Thursday, 25 February 2016

How do we make wave competitive with wind?

At low technology readiness level, before tank tests and numerical models have been done, it is very difficult to estimate the levelised cost of energy. Indeed, this is not so much an estimate as complete guess work– we don’t know the optimum system size, nor relative subsystem size.

I’d like to propose a different early stage metric: the revenue to cost ratio. Both revenues and costs can be expressed as engineering parameters (such as loads, power, stroke or time). The ratios of these parameters can be informative and insightful. The most well-known example of the gain to pain ratio had been around for decades: the ratio of mean to extreme. Revenue is a function of the mean; costs are a function of the extremes. This ratio can give insights into a whole bunch of design choices. For example, it indicates that low variability can be a more important consideration than average power when choosing a site for installation. As the gain to pain ratio can be applied to many types of renewable energy, we can also use this perspective to ask: what are the design requirements for wave energy to be competitive with wind?

There are several fundamental challenges we could consider, such as the reciprocating rather than constant loads, or the high loads / slow speeds. Here I will pick one illustrative example: the operating regime.

The ‘power curve’ of wind turbines can be roughly divided into three regions of interest (see above): below-rated, rated, and storm protection mode. In below-rated operation:
  • The curve is cubic; control involves power capture optimisiation via the tip speed ratio.
  • The wind turbine has a strong interaction with the resource.
  • Typically this might occur, say, three quarters of the time.

In winds above the rated windspeed:
  • Control involves keeping the power constant while minimising the loads. This is done by pitching the blades.
  • The wind turbine becomes less load-attracting as the wind speed rises.
  • Typically this might occur, say, a quarter of the time.

At the cut-out windspeed and above, the wind turbine operates in storm mode:
  • There is no power capture. The blades pitch and the rotor parks to minimise loads.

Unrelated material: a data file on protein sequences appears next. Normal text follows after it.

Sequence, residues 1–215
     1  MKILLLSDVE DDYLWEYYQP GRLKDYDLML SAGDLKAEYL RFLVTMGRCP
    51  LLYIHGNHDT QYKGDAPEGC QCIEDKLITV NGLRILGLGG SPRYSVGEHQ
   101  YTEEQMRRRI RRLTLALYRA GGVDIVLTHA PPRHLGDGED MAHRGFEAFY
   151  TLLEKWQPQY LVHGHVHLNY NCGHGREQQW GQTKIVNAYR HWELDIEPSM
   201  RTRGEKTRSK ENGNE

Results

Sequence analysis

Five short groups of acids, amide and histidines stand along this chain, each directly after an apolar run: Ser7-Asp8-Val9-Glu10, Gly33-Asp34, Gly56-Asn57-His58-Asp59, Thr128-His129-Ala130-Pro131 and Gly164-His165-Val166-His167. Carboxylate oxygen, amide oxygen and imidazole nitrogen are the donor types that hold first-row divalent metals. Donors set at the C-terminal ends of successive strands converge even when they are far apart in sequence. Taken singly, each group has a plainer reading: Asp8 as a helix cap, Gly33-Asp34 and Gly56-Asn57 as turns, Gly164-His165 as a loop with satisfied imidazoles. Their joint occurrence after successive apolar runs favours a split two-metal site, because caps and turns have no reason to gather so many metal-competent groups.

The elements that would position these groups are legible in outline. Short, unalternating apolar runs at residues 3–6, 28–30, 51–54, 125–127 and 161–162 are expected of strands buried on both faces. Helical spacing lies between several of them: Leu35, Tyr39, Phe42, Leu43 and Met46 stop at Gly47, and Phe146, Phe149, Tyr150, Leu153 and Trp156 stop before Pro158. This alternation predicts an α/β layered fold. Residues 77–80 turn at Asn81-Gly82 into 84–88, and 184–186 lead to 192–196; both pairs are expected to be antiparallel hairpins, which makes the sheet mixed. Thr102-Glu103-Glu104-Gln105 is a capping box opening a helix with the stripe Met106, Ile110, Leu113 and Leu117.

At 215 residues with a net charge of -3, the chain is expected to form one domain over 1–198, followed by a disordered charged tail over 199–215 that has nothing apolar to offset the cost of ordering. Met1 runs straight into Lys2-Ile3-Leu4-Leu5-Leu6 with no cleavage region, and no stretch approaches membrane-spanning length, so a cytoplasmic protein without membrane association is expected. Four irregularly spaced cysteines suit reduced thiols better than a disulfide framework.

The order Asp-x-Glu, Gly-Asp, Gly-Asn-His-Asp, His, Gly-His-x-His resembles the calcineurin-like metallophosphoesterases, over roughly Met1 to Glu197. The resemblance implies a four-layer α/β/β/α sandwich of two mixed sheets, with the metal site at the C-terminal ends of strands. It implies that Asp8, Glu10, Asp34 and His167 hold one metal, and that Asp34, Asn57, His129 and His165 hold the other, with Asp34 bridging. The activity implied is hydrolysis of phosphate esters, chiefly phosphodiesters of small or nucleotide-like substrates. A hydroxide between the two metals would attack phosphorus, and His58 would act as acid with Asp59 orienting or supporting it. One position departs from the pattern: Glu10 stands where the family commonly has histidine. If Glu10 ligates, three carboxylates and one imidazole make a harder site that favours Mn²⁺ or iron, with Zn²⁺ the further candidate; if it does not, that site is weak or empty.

• The wind turbine looks (relatively) transparent to the resource.
  • This occurs a very small percentage of the time.

Each operating regime contributes differently to revenues and costs. The storm mode contributes nothing to revenue but a lot to costs via the ultimate design strength. Operation at rated contributes to (say) half of the power production, but also to loads, in terms of fatigue and wear. Operation at below-rated has a negligible contribution to costs in terms of additional strength and wear, but contributes to (say) half the power production.

It might be tempting to conclude that we want to operate at below-rated more and in the storm mode less – this is absolutely not the case. If there are any doubts about this, it is insightful to consider that all makes of utility-scale wind turbines for a given class of resource have very similar values of rated- and cut-out-windspeeds. This is because design convergence has economically optimised these values over the last few decades. Any major changes to the rated- or cut-out- windspeeds would result in a lower ratio of revenue to cost.

So how does wave power compare to this? Investigations into control have been mainly focussed in the below-rated operating regime. Very few wave energy concepts are built around the requirement for load-shedding in the most extreme resources; where this has been considered, the degree of load shedding is much less than the ‘transparency’ achieved by wind turbines. Many don’t have a rated operation that progressively avoids loads. However, these are not nice-to-have after-thoughts. To be competitive with wind, it is essential that wave energy technologies have these three operating regimes, and that the transition between them is an economic optimisation.

1 comment:

  1. Yesterday I was chatting to someone who has worked in the wind industry, and he told me that most of the wear actually occurs in the below-rated regime. This is because fluctuations in windspeed lead to lots of blade pitching to remain at optimum c_p. I'm not going to change the graph in this version as I've already published it.